I introduced a new concept to the kids called "follow through," where you complete a task by cleaning it up and putting it all away before moving on to the next thing. Not new at all, just one in a long series of (yawn) explanations about why it is important to keep things in their place. How if you don't, you won't be able to find it when you need it, yadda, yadda, yadda. I really can't totally blame them for being handicapped in this regard because (1) they are kids (2) both of their parents are deficient in this ability as well and (3) it's really boring. Hence, yet another approach where if they ask me, "Mom, can I...?" instead of saying, "First clean up blank and blank and blank," I can just say, "After you follow through." Hoping they'll see the connection between a task and its completion and how that will directly benefit them in the end. Hoping.
Imagine my delight when Rees chimed in with, "It's like nun-chucks!" Nun-chucks? The weapon that is like sticks on a chain? Rees has learned how to use these at Kung Fu and got a pair for his birthday. "Yeah," he says, "With nun-chucks, if you don't follow through, they'll come back and whack you!"
Exactly! So now when they can't find their backpack in the morning, maybe they'll see how the lack of follow through has come back to whack them. Maybe... But this idea of future whack avoidance is working for me! (Also helpful to me right now is the idea of "ship shape," where it's of dire importance to keep things in order and ready to go in preparation for the next crisis. Pause and take the time to neatly coil your rope, or it won't be ready when you need it! And my mom just posted about "stepping stones of calm" and order in her day as a reason to keep things in their place. Another good image to keep me focused on "follow through.")
Then there was the dire outing we took to hike in a canyon last summer. It was over an hour drive out to the plains and Kadin had brought a friend. None of the kids wanted to go, much less go for a car ride, and kept asking when we'd get there. To make matters worse, Kadin's friend, a very sweet kid who has the unfortunate habit of always positioning himself as the victim, sort of assumed that Rees, the big brother, would be "against" him and Kadin, so kept saying things in a defensive, provocative way. Much of it was unintentional, just an assumption, but it really worked to make itself true. Lo and behold, Rees got upset and the 8-year-old friend kept saying unknowingly unhelpful things like, "Rees is upset, aren't you Rees? I think Rees is upset.” I felt scars forming on my psyche and asked myself repeatedly (and silently) was it worth it? Why even attempt such outings? What was the point of leaving the house? How do people do it?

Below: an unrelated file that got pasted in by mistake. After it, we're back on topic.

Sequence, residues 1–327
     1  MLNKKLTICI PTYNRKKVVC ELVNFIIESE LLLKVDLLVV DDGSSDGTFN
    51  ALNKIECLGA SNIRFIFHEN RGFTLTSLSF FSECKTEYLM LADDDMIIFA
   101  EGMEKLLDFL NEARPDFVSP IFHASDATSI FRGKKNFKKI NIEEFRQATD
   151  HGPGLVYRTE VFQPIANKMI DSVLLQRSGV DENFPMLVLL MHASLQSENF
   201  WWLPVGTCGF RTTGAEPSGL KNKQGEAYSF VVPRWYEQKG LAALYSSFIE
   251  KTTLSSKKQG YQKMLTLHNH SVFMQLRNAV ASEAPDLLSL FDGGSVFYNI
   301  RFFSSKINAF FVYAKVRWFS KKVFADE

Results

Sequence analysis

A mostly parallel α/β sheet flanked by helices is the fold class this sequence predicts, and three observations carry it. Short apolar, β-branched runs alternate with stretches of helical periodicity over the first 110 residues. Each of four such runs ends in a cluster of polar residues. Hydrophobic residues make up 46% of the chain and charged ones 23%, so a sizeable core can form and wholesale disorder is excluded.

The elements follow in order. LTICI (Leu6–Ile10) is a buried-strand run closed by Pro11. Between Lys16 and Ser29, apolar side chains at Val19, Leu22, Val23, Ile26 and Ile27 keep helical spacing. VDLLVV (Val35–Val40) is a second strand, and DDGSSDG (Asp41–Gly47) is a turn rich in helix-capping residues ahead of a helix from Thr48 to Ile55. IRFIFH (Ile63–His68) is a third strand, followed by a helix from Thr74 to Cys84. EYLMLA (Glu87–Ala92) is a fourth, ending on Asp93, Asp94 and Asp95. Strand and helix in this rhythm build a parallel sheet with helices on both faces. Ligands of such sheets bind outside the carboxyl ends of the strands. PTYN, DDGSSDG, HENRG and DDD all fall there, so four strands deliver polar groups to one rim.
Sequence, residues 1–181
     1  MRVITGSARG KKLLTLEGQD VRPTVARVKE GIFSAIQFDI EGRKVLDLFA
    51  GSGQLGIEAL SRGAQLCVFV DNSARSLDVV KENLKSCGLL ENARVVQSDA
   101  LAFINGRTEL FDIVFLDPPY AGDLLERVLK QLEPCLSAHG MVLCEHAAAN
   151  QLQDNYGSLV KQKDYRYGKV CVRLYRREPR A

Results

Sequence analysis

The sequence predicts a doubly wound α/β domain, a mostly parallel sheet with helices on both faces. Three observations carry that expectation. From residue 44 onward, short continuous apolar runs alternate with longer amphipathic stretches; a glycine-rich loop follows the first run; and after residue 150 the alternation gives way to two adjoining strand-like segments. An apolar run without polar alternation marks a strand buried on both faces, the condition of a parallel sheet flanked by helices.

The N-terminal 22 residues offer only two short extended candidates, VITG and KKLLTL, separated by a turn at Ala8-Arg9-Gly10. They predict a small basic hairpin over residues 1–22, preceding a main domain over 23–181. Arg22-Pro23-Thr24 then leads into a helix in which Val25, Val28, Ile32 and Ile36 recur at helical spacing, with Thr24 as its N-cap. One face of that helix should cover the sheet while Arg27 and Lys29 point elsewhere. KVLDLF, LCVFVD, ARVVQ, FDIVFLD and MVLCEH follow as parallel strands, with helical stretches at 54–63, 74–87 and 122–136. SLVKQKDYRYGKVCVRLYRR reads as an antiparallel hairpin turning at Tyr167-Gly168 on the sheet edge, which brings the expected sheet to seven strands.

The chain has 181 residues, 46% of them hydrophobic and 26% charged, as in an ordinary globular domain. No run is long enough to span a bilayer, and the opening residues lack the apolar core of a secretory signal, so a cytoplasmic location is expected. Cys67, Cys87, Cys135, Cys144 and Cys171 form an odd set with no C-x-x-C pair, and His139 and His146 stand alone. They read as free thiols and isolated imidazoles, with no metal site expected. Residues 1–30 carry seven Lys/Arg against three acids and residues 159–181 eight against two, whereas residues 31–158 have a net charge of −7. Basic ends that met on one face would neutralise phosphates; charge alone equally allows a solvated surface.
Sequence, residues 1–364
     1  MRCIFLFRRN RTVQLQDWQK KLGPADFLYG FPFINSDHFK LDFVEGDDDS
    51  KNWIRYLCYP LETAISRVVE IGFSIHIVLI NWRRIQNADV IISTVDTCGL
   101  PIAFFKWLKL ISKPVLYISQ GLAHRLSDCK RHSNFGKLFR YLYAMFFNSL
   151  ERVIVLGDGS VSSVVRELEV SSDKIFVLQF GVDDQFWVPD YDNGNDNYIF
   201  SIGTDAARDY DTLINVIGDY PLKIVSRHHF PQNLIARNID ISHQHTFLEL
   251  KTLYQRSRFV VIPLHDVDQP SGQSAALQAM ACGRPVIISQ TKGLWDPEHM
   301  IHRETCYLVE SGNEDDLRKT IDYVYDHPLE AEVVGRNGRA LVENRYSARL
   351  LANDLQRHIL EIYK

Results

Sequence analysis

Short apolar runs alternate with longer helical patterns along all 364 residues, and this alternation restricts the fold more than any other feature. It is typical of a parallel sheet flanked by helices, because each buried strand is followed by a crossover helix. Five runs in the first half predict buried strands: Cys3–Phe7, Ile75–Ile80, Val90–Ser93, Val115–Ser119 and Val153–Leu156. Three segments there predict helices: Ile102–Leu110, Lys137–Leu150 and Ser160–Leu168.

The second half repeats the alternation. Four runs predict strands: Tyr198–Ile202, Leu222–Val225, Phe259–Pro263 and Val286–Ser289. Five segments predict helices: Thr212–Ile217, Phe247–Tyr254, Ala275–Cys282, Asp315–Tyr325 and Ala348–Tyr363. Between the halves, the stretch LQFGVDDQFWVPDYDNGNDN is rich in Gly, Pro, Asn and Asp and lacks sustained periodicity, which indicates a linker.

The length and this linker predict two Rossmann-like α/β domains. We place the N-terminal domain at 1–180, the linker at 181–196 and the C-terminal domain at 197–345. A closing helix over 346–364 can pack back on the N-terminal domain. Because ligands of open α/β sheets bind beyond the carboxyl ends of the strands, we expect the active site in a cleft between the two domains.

Needless to say, we were all ready to bolt from the car at the earliest opportunity. Didn't even choose a trailhead, just stopped at the first available parking area. Rees was in a real funk by this point and determined to bring everyone down with him. Every step was torture it seemed, kids provoking and protesting. Greg and I kept waiting for things to turn around. They had to, right?
After about a half-mile of unrelenting freak-out, despite lizards and boulders and ruins, Greg finally announced that it was a failed trip. I agreed. But, I always have to see what is around the next bend. It looked like we were finally approaching the creek, so I suggested we get to the creek then head back and cut our losses.
Out of desperation, and relieved the trip would end soon, I took an unofficial trail down to the creek. And it turned out to be a beautiful sandy creek with large, inviting boulders strewn throughout. Perfect beaches, perfect perches, warm air, cool, clear water. Heaven to anyone who cared to open their eyes and look. There was still a lot of tears and anger, but I didn't see how it could last through all the enticing beauty surrounding us.
Slowly, with people not yet ready to leave, the mood began to change. Shoes came off, wading began, a pool of frogs was found...things were miraculously looking up. And way in the distance downstream, we could see the dot of our red car at the trailhead. It was decided that we'd wade back to the car instead of take the dusty trail.
So the expedition through the boulders and reeds began. At places the stream was wide and shallow, with boulders and open vistas. Then it would narrow into an ominous, swift, deep, shrub-choked section where we could barely see and had to duck under sticks and branches in the encroaching vegetation. Footing was difficult as the current was swift and the water deep. But we quickly figured out that each deep, narrow bit was always followed by another gentle, shallow bit. The kids, scouting ahead, would reassure us that when it looked dark and dim and dire, another bright spot was right around the corner.
Success! Their favorite part of the weekend!